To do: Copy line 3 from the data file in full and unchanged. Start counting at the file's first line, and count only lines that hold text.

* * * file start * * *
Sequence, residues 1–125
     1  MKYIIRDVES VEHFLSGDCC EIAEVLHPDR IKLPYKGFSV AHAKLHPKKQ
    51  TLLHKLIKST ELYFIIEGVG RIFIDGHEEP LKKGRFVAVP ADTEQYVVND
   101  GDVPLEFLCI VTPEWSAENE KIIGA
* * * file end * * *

    51  TLLHKLIKST ELYFIIEGVG RIFIDGHEEP LKKGRFVAVP ADTEQYVVND